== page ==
Friday, 27 May 2011

Tai-Otoshi & Kata-gatame

Only four students tonight with Peter and Graeme instructing and after a very quick warm up we were told to partner up. We were then told to pull our partner across the mat and whilst doing so we were to get in to position to throw with Ippon-seoi-nage. We practiced this a few times up and down the mats with each of us taking turns being uke. There was a particular emphasis on turning in to our partners using just two steps. Being taller than everyone in my club this isn’t a favourite of mine and I doubt I would ever attempt it in Shiai but breaking the throw down like this definitely helps.

Following this we then went on to some groundwork and Pater had us go through various holds, and made us practice moving from one to the other, whilst ensuring that we had control at all times.

We started in Kesa-gatame, and then moved to Kata-gatame, then Tate-shiho-gatame, then into Yoko-shiho-gatame before finally finishing in Kesure-kesa-gatame. I was with Big Stuart for this and we practiced first with no resistance from Uke and then with Uke resisting each hold.

Finally Peter showed us the submission from Kata-gatame, which is basically an Arm Triangle in BJJ although the way Peter applied the submission it was more like a neck crank than a choke, which is technically illegal in Judo Shiai. Still the pain was so sudden that you had to tap straight away, which would very likely be missed by a potential referee.

You can see from the pic of Kata-gatame (this is not on the BJA website,) that this differs from your usual Arm Triangle strangle due mainly to the angle from which it is applied. An Arm Triangle puts more emphasis on pushing the arm across your opponent’s neck and using that to choke him with whereas with the high angle of Kata-gatame you can see why the neck is cranked.

We then went back to the throw we had started to break down at the beginning of the class and Peter got the crash mats out. We all took it in turns to throw everyone else and for some reason I just wasn’t on form tonight. In fact the best throw of the night went to Jamie, who threw Big Stuart right over his head with a near perfect Ippon-Seoi-nage. When I was throwing I seemed to be using too much effort, probably because I wasn’t getting down low enough, but like I said earlier this throw does not suit tall people.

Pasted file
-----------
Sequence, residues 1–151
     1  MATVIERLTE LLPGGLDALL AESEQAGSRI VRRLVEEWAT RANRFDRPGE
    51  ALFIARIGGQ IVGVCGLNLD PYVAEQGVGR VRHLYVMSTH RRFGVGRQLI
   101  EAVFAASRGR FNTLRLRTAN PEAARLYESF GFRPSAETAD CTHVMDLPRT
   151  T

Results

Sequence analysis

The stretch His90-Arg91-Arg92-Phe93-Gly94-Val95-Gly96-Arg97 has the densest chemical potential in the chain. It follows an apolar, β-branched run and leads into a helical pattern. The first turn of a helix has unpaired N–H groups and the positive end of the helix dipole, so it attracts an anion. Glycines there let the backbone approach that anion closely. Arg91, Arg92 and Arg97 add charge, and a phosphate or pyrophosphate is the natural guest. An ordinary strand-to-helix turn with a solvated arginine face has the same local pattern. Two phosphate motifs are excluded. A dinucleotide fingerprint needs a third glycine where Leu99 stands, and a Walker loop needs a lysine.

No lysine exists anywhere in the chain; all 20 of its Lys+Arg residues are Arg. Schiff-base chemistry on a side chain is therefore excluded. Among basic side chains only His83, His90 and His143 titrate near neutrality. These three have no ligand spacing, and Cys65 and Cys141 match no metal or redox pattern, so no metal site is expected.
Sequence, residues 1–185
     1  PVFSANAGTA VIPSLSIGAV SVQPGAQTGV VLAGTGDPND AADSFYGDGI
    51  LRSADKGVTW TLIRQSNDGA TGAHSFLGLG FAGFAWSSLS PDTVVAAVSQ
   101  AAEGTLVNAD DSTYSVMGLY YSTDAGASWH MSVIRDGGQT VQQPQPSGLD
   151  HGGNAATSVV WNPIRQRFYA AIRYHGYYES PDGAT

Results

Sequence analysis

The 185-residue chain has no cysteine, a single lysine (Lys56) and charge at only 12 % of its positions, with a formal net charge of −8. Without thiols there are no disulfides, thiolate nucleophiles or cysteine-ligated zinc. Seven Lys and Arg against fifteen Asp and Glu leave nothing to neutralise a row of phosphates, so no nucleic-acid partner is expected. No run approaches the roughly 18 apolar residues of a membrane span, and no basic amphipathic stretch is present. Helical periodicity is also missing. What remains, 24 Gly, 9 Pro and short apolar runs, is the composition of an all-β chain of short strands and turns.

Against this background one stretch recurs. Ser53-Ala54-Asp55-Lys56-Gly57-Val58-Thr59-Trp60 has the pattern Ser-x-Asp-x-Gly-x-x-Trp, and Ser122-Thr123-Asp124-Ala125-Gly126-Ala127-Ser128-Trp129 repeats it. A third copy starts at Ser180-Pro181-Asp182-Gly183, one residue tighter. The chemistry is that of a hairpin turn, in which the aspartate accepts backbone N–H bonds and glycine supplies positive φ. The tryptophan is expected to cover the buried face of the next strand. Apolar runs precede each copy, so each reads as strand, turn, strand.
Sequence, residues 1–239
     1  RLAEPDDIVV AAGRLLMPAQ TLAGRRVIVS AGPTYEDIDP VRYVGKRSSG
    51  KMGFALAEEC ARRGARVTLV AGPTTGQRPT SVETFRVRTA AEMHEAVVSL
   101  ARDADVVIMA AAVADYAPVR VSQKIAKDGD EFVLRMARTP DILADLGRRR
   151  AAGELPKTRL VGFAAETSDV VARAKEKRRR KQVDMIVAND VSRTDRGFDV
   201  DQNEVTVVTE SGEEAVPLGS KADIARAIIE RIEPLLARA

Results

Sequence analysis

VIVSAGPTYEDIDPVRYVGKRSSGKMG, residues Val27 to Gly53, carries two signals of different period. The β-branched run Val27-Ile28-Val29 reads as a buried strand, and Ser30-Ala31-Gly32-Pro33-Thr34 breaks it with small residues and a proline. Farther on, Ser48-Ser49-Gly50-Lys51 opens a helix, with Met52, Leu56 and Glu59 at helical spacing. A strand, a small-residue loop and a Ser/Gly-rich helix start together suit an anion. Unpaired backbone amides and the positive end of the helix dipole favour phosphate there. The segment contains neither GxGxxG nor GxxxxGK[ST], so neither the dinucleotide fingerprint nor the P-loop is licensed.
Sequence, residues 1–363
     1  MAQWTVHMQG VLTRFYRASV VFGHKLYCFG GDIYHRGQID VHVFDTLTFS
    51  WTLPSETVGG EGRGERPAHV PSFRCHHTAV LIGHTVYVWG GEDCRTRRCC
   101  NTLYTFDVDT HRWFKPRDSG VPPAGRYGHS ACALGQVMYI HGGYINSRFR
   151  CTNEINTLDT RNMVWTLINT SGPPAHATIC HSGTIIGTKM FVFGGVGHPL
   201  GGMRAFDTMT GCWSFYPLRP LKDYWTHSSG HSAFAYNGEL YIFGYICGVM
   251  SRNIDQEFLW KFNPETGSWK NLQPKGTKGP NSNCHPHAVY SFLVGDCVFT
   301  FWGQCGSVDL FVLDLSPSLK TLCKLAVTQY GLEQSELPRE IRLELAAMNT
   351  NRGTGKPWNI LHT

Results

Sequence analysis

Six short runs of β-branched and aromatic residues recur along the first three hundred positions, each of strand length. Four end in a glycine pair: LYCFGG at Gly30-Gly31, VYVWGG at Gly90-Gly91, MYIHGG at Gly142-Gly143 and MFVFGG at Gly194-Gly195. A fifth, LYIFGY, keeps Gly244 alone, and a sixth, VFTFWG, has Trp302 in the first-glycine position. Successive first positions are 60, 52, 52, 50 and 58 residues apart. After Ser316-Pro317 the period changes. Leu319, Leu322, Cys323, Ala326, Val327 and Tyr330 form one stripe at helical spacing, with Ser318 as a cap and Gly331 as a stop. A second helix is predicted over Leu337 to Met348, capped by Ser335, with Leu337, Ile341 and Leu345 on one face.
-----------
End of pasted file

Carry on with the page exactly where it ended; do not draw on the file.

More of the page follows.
Our next throw to practice was Tai-otoshi and again it just never felt quite right, probably because we haven’t practiced this throw in a while. Despite my throws not being the best I really enjoyed having the crash mats out and wish that we could have more lessons with the crash mats out so we could just practice all the throws we have learnt.

Looking back at the nights lesson I can see this was tailored towards someone taking their 5th grading, i.e. Ryan. Unfortunately Ryan wasn’t there tonight but it was good for me to go over these techniques again, although looking at the Orange Belt Syllabus I have a lot of throws that I haven’t done before or done in a long time and they are:



So as you can see I have my work cut out to learn all of these. Hopefully the next lesson will have some of these throws on the lesson plan.

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